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10/29/06 21:04:40 - Normal

If there is any one word that could describe Aren’s and Lily’s medical histories, that word would most definitely not be “normal”. It might be “abnormal”, or “unique” or (MaryBeth’s favorite) the hyphenated “crazy-ass”, but not “normal”. This will not be particularly earth-shattering news for those of you who have been there with us over the past six years. MaryBeth and I have decided that between those two kids, we have probably spent over 100 hours of our lives in hospital emergency rooms. Not normal. Of those 100 hours, we were brought to the ER for reasons such as autoimmune hemolytic anemia (not normal), severe dehydration caused by autoimmune gastrointestinal disease (not normal), an oxygen level of 56% (not normal), pseudomonas bacteremia (not normal), and even a stroke or two (normal if you’re 85 years old, not so much if you’re 2). We had never been to an ER for something “typical”, like a sprain, a very bad cough, or even tonsillitis. Not until last Tuesday, when Aren broke his leg.
Last week, we received a call from Aren’s school nurse, Sandy. This is not exactly an uncommon occurrence; she has probably called us once every week or two since Aren started school. (At our request, she keeps an especially close eye on him.) She told us that Aren had fallen on the playground, couldn’t walk, couldn’t hop on his non-injured leg, and wouldn’t stop crying. Bear in mind that this is the kid who lived for most of his life with double ear infections, yet was one of the happiest kids I ever knew. If his pain tolerance is that high, and he won’t stop crying, you know it’s bad.

Aren's X-Ray
So, MaryBeth and I picked him up and took him to the hospital. (I happened to have stayed home sick from work that day.) We went in, and were a bit confused when we actually had to wait around a bit for the doctor to come see us. You see, when your daughter is so blue that you think she found a bag of robin’s egg candy, people tend to drop everything for her. The indicators were that it was somewhat serious (somewhere between a heart attack and a hangnail, though I’m not exactly sure where), so we were able to see a doctor within about an hour. By 12:38, he had been x-rayed, and it was confirmed: his right tibia was indeed broken.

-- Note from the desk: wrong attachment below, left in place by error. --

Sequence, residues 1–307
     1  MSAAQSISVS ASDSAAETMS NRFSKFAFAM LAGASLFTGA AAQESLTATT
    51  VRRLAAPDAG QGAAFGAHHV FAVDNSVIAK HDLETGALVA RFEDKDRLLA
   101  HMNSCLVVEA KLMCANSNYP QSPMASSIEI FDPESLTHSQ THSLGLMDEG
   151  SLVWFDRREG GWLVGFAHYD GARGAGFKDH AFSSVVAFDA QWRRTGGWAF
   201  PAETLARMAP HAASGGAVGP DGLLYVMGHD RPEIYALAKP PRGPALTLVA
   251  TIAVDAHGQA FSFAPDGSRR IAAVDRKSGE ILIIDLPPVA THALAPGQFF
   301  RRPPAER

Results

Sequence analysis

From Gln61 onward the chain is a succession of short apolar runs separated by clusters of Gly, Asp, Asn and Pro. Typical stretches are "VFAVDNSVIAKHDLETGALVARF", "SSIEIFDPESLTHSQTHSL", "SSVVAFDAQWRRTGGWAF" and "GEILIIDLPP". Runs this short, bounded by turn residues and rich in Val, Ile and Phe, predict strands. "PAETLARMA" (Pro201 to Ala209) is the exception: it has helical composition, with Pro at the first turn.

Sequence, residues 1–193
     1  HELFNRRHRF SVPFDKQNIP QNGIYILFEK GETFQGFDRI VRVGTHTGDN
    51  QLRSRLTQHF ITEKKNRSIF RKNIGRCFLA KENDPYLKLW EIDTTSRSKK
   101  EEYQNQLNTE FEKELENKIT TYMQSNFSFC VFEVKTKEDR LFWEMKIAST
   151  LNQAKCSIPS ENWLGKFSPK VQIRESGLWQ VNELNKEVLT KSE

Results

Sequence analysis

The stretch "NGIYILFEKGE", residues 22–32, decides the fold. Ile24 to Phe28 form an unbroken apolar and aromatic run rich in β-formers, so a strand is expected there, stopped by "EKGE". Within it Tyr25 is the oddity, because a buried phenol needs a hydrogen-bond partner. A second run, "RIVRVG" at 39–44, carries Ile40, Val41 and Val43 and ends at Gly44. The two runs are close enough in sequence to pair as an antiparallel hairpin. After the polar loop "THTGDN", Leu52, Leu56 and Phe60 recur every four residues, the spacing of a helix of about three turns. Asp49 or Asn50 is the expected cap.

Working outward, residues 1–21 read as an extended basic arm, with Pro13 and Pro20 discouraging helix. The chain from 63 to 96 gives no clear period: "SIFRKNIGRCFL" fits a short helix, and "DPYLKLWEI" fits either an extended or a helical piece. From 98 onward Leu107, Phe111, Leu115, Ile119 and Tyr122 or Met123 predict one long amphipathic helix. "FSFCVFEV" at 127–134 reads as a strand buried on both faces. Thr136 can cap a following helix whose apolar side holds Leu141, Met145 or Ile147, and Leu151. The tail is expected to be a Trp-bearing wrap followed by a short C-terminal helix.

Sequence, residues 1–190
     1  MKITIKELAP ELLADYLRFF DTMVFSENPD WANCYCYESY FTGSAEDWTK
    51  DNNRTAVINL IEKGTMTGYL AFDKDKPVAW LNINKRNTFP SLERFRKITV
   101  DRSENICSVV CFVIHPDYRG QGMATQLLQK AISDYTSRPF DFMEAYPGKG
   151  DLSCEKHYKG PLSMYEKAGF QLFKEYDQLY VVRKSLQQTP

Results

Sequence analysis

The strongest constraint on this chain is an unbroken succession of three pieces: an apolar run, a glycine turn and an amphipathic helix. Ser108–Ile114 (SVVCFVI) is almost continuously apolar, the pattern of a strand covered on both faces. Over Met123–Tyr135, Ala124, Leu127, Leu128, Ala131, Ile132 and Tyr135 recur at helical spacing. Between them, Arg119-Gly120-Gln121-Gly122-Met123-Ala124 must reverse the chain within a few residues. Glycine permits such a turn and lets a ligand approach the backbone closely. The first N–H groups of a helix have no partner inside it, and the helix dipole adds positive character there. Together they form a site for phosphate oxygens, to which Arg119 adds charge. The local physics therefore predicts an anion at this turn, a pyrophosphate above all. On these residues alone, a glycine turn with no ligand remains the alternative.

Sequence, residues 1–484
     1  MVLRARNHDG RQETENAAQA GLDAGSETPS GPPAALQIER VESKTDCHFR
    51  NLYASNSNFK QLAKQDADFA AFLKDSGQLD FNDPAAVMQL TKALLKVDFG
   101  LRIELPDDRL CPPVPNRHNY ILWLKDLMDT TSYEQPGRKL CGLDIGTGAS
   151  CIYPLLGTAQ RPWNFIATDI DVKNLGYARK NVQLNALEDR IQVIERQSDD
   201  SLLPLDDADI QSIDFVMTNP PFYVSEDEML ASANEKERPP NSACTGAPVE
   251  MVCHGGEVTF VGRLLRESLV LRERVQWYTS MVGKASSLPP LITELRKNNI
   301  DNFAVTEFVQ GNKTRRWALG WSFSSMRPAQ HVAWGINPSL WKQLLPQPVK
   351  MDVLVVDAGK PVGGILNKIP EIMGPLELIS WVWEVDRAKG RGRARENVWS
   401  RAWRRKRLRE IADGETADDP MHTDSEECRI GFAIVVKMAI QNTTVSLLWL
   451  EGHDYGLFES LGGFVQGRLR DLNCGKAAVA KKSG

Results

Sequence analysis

We waited around for another couple of hours. When we finally flagged down a nurse and asked if Aren could get some meds for the pain (he only stopped whimpering when he fell asleep), we found out that the doctors were just trying to decide whether to splint (and later cast) his leg, or if it would require surgery.

Yes, surgery. The one time one of our kids comes into the hospital for something normal, and they’re thinking that, no, it’s not so normal, after all, they’ll need to sedate him, cut his leg open and attach a few screws. Great.

But, as it turned out, it only needed a splint. They gave him a shot of morphine (gotta love those opiates!), wrapped him up and sent him home, asking that we set up an appointment with the orthopedic surgeon here in town for sometime in the next couple of days so he could get a cast. (Since breaks swell a lot in the first day or so, they wait for some of the swelling to go down before applying a cast.) So, on Thursday, Aren got his cool new black cast. The doctor says it will probably be on him a couple of months. (We’re thinking we might be able to save some money on Christmas this year, because by the time it rolls around, all he’ll want is to have his cast off.)

We don’t know exactly how he broke his leg. He fell on a perfectly flat section of the playground, so it’s not like he hit his leg on a rock or something like that. The current theory is that some of the medications that he has been on have weakened his musculo-skeletal system so much that not only is he physically weak (as those of you who have seen him move can attest), but his bones are more porous now than they would have been, as well. In response, the doctors have lowered some of his meds and cut out others entirely. So now, he only takes 5 pills twice a day instead of the 7-10 twice a day that he had the week before.

"Normal" is actually starting to look like a possibility, isn’t it?


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Velda wrote:
Heh. "Normal" indeed...
21/10 16:06:32

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